The guide is designed to show you what a healthy diet looks like over a period of a day or a week, rather than for each meal, because there are times when it’s useful to favour a particular macronutrient – a protein-rich breakfast has been shown to support weight loss, while carb-heavy meals post-workout can speed up recovery.
According to the guide, a third of your diet should come from fruit and veg, and the NHS advises eating at least five portions a day. Notice the ‘at least’ – evidence is mounting for benefits of up to 10 portions, or 800g a day.
As for the rest of your plate, it isn’t too prescriptive. Instead, we’re told to ‘base meals on starchy foods’, eat ‘some’ dairy, beans, pulses, fish, meat and eggs and consume unsaturated oils only in ‘small amounts’.
It’s intentionally vague – the ideal portion size depends on your individual body size, activity levels and weight goals. But the figures behind the guidelines do suggest that half of your daily calories should come from carbs. Of this figure, less than 5 per cent should come from added sugars, and your choices should help you reach the recommended intake of 30g of fibre daily.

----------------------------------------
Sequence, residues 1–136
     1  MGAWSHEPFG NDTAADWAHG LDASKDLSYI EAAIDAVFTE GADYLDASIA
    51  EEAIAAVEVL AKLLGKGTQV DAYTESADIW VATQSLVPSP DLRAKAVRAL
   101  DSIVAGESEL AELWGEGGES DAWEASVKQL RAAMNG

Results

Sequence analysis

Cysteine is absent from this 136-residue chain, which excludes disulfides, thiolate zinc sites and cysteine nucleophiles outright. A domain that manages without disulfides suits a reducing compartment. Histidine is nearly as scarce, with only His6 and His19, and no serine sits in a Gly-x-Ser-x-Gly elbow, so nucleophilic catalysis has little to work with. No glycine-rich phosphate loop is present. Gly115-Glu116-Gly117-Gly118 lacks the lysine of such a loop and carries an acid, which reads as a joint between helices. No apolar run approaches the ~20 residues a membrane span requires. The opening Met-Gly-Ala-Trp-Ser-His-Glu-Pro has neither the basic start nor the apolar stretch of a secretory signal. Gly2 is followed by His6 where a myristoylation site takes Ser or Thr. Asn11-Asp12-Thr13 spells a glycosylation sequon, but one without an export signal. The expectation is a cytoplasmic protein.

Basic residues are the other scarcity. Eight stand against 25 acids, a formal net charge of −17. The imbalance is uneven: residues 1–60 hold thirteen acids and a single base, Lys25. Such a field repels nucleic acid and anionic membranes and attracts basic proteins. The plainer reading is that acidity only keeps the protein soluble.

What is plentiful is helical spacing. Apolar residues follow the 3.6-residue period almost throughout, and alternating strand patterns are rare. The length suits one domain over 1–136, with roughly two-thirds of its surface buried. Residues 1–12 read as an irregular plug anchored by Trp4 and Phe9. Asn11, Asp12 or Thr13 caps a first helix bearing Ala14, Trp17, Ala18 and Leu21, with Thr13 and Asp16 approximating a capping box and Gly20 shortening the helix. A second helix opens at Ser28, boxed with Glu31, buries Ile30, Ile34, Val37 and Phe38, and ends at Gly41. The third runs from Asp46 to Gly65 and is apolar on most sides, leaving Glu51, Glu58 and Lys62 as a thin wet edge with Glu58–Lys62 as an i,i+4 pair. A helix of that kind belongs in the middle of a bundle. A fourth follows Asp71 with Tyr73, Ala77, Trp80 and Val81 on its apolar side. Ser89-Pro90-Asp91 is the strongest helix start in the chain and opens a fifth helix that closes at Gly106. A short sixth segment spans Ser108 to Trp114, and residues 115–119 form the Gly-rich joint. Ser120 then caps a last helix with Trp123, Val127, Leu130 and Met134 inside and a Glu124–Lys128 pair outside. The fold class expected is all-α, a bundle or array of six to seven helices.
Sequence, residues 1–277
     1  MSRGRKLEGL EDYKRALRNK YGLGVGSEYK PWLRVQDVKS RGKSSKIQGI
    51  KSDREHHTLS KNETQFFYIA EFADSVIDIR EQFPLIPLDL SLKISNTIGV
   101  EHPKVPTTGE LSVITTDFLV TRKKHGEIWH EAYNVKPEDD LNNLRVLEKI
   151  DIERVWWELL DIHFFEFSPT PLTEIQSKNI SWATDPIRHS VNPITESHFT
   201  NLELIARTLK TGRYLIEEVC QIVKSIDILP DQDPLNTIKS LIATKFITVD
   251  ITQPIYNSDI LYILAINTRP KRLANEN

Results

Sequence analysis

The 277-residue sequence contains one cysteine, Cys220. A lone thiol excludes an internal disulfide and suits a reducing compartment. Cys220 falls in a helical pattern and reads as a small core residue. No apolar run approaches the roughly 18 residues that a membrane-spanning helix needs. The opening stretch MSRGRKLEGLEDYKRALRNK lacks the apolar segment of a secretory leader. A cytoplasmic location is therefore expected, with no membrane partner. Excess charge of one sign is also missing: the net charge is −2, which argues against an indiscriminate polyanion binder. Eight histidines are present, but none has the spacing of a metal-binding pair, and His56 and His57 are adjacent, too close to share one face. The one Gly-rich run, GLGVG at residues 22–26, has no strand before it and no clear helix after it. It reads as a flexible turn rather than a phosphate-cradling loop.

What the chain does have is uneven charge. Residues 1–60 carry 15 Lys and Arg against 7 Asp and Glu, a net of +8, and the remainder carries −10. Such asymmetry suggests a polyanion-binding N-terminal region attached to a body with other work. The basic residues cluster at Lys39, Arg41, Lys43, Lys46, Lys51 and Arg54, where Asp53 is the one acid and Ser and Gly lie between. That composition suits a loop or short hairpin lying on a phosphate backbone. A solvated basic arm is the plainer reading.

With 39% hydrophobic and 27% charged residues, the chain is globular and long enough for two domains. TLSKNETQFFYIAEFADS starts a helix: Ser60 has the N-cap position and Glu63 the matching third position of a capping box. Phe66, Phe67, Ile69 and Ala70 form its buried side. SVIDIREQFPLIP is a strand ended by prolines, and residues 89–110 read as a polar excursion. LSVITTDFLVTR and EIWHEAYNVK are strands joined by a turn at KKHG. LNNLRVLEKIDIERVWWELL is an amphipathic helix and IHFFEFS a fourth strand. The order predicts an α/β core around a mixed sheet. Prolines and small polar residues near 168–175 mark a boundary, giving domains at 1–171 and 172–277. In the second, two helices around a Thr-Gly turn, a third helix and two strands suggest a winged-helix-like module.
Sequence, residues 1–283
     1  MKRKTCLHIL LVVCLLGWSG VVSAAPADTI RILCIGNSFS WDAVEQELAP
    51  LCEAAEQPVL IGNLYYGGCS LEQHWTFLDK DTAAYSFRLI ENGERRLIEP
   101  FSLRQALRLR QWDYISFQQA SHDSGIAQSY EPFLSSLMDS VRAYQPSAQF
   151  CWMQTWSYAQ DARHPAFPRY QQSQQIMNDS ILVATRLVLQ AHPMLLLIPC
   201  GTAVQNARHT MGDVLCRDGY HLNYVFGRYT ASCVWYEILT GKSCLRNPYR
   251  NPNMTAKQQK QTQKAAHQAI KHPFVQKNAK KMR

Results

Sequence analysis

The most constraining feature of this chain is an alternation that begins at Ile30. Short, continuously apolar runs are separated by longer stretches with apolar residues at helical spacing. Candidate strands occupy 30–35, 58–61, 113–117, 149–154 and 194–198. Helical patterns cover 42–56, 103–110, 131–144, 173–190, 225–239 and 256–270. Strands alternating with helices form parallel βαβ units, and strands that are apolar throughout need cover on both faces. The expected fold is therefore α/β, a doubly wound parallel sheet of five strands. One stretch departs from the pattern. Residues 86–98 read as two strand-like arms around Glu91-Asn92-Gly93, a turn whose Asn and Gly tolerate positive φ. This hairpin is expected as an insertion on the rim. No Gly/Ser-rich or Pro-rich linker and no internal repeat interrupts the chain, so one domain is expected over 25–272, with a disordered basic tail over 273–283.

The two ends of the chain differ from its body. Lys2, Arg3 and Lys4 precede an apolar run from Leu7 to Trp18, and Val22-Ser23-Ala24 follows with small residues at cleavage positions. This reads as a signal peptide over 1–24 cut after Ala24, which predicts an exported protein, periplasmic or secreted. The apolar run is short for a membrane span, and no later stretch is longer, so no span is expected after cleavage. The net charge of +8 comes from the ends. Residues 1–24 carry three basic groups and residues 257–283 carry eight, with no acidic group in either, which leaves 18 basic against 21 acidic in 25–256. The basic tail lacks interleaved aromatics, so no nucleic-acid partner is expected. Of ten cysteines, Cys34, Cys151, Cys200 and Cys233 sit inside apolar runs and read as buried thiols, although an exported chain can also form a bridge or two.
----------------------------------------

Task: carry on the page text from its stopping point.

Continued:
Overwhelmed? Join the club. In 2016, scientists from the British Nutrition Foundation explored the real-world feasibility of these recommendations. They found that it was possible to eat this way, but only if all meals were based on starchy foods (mainly wholegrain), daily fruit and veg intake amounted to eight portions and snacks were high-fibre. As for protein, a palm-sized portion at each meal (plant or animal) will meet the recommended 0.8g per kilo of body weight per day, but there may be times when it’s beneficial to consume more, such as during weight loss or muscle gain. And if you’re eschewing carbs in favour of protein, you might want to rethink, as low-carb diets are lower in fibre, the very stuff that protects against bowel cancer, heart disease and type-2 diabetes, as well as fertilising your microbiome. For cooking and flavour, fats from olive oil, avocados, nuts and seeds are best.
How to build a balanced meal in 4 steps
1/ Start with two portions of fruit and veg (whole fruit, not juice, because #fibre).
2/ Next, add whole grains. Start with a cupped handful and increase portion sizes pre and post-exercise (between 0.8g and 1g per kilo of body weight after an intense workout).
3/ Add protein (larger portions at breakfast and post-workout)
4/ Finish with some dairy or a drizzle of healthy fat
In an IRL day, that might look like the below balanced meals.
A day of balanced meals
Eggs, wholegrain toast, avocado and spinach. The balance of protein, carbs and fat should keep your energy levels up till lunch.
Mixed bean and quinoa salad with chicken or tofu. The balance of grains and protein will ward off the afternoon slump.
Salmon with freekeh, butternut squash and stir-fried greens. Oily fish twice a week ticks off your omega-3 needs.
This article originally appeared on Women's Health UK.